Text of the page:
Four in ten headteachers say school environment is "unfit for purpose"
Four in ten headteachers in England believe that their school buildings are “unfit for purpose”, a survey has revealed.
The Key, a national education support service, questioned 667 heads and school business managers on the state of their buildings. 38 complained of overcrowding, whilst another 25 warned that their environment was a health and safety hazard. Overall, 49 per cent of secondaries and 33 per cent of primaries were classed as "unfit for purpose" by respondents, the Observer reports.
"Many schools are in a worse condition than they were ten years ago. Some are in a terrible and dangerous condition," Nusrat Faizullah, Chief Executive of the British Council for School Environments, said. "Headteachers and local authorities had to prioritise where to direct resources for maintenance and repair, influenced in part by the promise of more money for school buildings under the previous Government's school building programmes. This meant some schools had urgent repair needs postponed because of an expectation that significant money for buildings was on the way, only for it to be cancelled.”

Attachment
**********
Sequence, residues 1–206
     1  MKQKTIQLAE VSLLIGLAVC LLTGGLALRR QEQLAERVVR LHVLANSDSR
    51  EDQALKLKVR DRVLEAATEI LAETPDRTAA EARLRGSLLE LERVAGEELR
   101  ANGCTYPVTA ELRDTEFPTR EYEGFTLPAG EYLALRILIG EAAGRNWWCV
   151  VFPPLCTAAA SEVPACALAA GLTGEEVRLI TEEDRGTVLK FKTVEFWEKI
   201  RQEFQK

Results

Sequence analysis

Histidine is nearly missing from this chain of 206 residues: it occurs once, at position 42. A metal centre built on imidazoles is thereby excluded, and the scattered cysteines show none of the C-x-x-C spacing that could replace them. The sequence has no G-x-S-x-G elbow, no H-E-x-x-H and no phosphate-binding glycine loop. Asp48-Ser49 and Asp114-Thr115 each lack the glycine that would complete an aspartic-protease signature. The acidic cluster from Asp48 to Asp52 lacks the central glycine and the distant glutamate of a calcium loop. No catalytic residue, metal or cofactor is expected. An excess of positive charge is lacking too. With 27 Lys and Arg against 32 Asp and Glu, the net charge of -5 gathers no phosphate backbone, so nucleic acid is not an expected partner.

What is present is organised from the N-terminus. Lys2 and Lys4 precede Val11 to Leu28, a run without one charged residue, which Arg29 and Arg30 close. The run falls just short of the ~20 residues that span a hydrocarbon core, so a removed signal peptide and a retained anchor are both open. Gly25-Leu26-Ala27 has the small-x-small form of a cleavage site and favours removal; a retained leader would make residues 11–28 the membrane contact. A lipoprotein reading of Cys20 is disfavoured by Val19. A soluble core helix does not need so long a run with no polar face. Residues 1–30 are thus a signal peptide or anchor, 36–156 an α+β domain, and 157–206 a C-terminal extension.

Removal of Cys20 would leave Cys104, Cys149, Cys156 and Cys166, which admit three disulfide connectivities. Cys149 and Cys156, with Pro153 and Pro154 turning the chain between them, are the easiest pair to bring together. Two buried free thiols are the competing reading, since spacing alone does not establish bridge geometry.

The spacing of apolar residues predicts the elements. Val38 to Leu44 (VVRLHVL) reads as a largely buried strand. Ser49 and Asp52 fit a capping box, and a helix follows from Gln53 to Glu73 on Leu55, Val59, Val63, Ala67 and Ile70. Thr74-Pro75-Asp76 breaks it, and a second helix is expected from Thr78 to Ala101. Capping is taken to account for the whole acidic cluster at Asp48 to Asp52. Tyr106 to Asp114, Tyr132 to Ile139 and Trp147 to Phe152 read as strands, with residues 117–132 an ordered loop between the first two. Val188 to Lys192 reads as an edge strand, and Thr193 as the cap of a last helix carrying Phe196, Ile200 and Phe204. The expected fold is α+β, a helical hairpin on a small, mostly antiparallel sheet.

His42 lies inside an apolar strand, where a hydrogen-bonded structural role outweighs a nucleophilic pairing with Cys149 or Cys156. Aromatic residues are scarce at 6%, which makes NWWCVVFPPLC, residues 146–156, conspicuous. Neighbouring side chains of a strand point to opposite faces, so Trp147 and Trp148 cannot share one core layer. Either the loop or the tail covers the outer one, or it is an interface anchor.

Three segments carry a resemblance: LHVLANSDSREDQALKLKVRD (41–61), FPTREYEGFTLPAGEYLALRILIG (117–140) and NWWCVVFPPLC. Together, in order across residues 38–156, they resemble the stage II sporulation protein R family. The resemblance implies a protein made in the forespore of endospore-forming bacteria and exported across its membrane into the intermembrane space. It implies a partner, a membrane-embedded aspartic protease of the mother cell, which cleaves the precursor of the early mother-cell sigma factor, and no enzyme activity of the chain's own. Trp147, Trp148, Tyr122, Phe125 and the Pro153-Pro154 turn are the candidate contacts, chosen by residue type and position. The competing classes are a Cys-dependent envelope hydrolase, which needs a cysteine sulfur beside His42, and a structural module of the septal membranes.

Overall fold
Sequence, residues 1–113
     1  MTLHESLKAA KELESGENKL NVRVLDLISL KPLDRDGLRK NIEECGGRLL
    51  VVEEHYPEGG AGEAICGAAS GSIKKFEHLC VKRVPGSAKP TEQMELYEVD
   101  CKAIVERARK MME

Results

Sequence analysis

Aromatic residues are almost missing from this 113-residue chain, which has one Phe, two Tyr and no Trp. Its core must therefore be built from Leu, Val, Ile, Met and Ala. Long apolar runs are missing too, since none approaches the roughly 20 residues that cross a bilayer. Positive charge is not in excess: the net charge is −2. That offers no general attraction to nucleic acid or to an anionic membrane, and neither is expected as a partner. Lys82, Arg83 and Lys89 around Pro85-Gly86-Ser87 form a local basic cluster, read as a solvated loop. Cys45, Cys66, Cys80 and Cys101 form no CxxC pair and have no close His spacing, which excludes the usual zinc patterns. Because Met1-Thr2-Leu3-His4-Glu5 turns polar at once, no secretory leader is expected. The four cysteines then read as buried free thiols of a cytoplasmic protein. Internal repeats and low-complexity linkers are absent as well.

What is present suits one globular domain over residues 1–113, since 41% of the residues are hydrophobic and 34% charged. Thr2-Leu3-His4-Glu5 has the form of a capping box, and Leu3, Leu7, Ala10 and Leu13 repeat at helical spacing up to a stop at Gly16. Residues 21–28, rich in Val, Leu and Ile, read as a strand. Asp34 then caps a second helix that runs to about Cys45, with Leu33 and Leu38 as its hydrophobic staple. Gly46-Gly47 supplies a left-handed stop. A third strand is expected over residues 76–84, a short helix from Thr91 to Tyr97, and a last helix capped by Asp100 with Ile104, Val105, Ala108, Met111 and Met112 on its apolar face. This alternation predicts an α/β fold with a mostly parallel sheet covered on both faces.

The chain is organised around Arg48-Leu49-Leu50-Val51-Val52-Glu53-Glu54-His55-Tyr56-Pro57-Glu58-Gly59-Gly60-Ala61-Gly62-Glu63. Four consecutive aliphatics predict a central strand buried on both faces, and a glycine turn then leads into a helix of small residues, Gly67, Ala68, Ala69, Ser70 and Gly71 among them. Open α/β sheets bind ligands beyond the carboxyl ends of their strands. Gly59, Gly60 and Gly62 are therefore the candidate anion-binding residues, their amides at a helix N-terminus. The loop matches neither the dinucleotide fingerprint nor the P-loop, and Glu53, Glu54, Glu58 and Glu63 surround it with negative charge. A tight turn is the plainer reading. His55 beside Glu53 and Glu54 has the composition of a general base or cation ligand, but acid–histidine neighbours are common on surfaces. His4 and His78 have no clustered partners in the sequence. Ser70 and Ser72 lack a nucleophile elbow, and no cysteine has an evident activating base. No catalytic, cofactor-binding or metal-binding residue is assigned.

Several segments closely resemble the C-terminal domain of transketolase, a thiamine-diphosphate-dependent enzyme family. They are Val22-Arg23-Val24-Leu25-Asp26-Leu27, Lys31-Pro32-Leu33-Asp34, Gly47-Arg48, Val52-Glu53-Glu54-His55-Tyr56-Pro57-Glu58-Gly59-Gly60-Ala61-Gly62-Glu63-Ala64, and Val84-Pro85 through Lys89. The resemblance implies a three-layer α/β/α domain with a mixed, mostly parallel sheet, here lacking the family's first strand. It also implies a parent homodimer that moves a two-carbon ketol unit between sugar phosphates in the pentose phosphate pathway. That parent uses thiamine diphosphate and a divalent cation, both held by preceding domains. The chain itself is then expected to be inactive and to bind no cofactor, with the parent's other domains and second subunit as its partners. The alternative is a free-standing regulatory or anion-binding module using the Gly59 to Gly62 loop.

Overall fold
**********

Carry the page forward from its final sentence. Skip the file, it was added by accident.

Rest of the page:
Confusion over the choices for refurbishment, a baby boom and delays to Government decisions have been cited by headteachers as reasons why many school environments are in such poor condition.
After scrapping the Building Schools for the Future scheme in 2010, the Education Secretary, Michael Gove introduced the Priority School Building Programme, a £2bn initiative to rebuild the most dilapidated schools in England. At least 476 schools have applied for funding this way, with between 100 and 300 likely to receive money.
A Spokeswoman from the Department for Education (DfE) said schools would hear shortly whether they would receive funds. “We are taking our time to get this right and will announce our decisions as soon as we can,” she said.
In 2010, Teacher Support Network and the British Council for School Environments (BCSE) with the Association of Teachers and Lecturers (ATL) revealed that teachers felt that their school building was not supporting their "ability to teach effectively by providing an environment that has a positive influence on behaviour".
As well as having an effect on behaviour, teachers' criticisms also included lack of space for students to "relax" and an absence of "exciting, flexible and appropriately sized classrooms for students". One teacher said "we currently have 250 more students in our school than we were designed to accommodate". There was also significant concern for "good quality toilets" causing one teacher to comment "students are very vocal about inadequate toilet facilities, which makes them feel unrespected".